Pixar is on a strike, would be understanding things they have never seen a fall remains the truth.
Pixar is covering another part of the world as an excuse of educating and entertaining the children whose pseudo effect is serving a compelling drama for adults. Or at least that’s what it feels like. And this is their genius. Replacing the throne of Disney in this current generation, Pixar is actually has smart filmmakers and storytellers in its pocket. And carrying out the similar formulas used back in the old days in the name of fairy tales, the banner has pressed plenty of adorable animal friendly anecdotes to woo the younger audience in. And with baffling premises and witty strategies, they have stayed toe to toe with the social and filmmaking changes.
As in they have matured wisely for the hip and happening culture that they have wished to be a part of. Checking off another territory, this time the writer and director John Lasseter is focusing on a smaller and hard working kingdom. Ergo emerges his lead character, contradicting the nature and the world he revolves around, his laziness is smart and curiosity efficiently effective.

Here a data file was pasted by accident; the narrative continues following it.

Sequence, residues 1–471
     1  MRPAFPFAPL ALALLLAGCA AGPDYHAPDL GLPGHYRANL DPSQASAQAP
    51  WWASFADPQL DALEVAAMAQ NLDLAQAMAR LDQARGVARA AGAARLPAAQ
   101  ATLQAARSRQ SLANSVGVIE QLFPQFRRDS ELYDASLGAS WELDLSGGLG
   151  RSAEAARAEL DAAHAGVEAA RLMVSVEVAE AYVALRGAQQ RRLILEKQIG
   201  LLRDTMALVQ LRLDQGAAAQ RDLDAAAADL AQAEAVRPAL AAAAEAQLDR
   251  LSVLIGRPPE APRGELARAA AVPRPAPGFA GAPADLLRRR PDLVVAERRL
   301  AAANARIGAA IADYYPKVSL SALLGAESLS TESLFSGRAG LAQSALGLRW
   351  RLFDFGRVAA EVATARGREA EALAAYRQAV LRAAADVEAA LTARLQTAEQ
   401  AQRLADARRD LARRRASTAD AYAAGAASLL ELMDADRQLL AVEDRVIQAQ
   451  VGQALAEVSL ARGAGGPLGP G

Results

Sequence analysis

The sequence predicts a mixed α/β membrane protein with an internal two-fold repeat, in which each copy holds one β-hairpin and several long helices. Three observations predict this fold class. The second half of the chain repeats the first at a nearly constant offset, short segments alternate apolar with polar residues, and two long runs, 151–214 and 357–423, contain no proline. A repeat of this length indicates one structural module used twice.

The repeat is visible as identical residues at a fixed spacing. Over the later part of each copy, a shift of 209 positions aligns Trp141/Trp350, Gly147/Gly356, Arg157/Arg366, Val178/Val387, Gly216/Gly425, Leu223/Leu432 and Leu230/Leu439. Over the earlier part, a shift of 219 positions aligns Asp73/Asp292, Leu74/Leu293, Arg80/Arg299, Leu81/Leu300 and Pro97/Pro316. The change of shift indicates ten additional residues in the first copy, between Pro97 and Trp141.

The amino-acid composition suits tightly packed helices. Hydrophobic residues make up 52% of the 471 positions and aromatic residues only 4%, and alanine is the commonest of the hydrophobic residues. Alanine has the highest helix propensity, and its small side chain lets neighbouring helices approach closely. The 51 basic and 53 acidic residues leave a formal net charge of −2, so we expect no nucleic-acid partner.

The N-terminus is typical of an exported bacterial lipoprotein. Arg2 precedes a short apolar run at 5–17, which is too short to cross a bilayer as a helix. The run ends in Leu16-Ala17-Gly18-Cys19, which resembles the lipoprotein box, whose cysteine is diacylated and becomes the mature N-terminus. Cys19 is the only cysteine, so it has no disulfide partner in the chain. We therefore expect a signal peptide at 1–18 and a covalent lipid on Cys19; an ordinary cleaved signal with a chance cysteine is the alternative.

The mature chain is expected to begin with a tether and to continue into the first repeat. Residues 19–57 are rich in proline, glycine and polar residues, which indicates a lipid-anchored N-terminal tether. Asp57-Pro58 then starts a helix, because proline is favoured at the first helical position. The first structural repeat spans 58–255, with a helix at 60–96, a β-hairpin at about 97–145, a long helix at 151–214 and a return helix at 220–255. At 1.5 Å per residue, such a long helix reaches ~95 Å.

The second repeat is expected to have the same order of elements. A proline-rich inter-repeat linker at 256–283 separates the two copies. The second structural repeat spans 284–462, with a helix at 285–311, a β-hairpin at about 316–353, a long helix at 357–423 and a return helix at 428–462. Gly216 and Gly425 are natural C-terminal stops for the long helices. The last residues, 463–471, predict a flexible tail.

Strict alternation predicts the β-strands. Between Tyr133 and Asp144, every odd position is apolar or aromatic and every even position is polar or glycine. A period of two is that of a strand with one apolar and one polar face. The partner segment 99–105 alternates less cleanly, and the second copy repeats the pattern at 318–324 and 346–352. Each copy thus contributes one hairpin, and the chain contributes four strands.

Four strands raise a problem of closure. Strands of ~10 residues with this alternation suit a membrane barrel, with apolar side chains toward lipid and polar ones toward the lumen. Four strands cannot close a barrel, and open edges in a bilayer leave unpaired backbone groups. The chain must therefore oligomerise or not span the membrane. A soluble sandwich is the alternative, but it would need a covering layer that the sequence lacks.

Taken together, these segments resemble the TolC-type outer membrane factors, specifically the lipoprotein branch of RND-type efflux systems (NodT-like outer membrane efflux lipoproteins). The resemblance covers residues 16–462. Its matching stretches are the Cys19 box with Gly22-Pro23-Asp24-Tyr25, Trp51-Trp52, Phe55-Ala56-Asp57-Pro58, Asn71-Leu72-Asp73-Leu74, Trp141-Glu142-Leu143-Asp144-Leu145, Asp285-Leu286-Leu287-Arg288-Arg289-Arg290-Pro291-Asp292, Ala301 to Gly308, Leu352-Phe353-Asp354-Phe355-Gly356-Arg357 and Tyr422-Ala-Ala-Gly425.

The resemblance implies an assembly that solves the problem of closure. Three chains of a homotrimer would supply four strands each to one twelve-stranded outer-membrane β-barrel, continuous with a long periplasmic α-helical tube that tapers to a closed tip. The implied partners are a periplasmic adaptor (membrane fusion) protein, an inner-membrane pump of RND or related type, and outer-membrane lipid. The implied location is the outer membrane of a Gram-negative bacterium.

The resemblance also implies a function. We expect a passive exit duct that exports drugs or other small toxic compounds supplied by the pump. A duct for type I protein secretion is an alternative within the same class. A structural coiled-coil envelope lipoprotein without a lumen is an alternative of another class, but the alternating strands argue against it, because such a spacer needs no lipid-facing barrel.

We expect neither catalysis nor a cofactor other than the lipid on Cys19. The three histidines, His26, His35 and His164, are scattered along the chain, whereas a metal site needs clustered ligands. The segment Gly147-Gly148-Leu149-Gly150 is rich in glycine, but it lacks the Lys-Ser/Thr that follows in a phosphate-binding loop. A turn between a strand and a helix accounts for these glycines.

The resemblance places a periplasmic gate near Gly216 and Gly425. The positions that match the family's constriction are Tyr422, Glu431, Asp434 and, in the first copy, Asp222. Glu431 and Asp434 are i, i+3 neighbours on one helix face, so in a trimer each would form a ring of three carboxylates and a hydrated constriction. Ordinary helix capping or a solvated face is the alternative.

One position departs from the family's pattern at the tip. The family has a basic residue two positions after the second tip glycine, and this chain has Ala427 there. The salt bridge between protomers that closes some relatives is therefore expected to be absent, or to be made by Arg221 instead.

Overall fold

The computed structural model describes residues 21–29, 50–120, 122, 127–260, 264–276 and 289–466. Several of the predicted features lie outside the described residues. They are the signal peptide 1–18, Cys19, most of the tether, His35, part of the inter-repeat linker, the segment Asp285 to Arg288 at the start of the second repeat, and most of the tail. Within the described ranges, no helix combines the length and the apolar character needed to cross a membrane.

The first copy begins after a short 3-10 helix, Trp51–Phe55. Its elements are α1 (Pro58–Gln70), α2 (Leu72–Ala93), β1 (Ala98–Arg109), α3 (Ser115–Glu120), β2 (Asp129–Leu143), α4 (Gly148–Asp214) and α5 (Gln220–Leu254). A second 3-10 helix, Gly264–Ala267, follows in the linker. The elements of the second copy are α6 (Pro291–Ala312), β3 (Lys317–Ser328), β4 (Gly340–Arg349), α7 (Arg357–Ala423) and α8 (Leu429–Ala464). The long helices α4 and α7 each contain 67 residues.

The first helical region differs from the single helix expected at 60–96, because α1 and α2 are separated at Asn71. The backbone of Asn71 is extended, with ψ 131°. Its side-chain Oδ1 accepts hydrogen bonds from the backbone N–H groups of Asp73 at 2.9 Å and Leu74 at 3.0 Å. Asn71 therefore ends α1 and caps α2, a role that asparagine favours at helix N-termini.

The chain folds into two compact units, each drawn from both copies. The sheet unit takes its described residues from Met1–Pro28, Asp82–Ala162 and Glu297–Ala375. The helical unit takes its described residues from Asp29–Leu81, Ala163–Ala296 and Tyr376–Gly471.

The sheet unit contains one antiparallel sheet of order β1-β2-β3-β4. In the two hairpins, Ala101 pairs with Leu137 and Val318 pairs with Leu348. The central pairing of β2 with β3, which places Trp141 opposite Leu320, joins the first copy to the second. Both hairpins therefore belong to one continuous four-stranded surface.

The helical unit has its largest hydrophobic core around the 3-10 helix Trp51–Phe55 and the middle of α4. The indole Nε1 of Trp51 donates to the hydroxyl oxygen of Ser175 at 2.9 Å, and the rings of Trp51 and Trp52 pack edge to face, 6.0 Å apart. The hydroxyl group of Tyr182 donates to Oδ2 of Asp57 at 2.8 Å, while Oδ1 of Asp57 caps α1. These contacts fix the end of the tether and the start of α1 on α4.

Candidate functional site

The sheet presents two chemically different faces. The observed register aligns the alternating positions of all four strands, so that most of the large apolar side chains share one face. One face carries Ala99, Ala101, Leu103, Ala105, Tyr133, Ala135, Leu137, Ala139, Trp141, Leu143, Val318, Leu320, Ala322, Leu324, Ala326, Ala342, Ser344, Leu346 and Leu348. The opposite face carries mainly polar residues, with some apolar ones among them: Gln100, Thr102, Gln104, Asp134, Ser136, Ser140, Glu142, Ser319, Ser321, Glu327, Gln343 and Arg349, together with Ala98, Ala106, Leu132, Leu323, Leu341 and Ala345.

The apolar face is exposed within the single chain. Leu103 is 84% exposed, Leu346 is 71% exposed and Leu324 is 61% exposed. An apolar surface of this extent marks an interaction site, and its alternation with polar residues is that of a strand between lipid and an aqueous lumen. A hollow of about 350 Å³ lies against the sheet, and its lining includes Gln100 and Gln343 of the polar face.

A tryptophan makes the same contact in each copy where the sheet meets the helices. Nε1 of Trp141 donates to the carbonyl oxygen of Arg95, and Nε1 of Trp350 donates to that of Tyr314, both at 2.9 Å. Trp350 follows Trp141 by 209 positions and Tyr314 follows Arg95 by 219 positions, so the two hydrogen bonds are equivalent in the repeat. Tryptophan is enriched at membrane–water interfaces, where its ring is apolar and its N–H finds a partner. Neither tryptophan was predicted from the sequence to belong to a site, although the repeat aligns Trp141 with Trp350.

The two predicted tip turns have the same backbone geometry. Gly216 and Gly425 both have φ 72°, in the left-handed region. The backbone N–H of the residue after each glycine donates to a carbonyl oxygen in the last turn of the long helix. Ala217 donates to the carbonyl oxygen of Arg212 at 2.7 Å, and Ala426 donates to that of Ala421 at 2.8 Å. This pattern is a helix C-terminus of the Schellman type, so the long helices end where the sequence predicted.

But as most of the game changers goes through, he is bogged down by the slow minded wrong doers and fear lovers and is cornered to go through a journey of rethinking and evaluation. But this is why I love these Pixar movies the most, even at its peak of necessary dramatic elements, they tend to carve a big piece of levity in the narration that is always attention grabbing and easily nuanced. But this goes unnoticed, usually because they are not afraid of using new almost-guest-alike characters introduced and surfed every now and then for a quality situational comedy and not just one liners. In A Bug’s Life the most fascinating and thrilling scenario is their version of a city life, such metaphors come easy and a lot in this wonderful inspirational tale.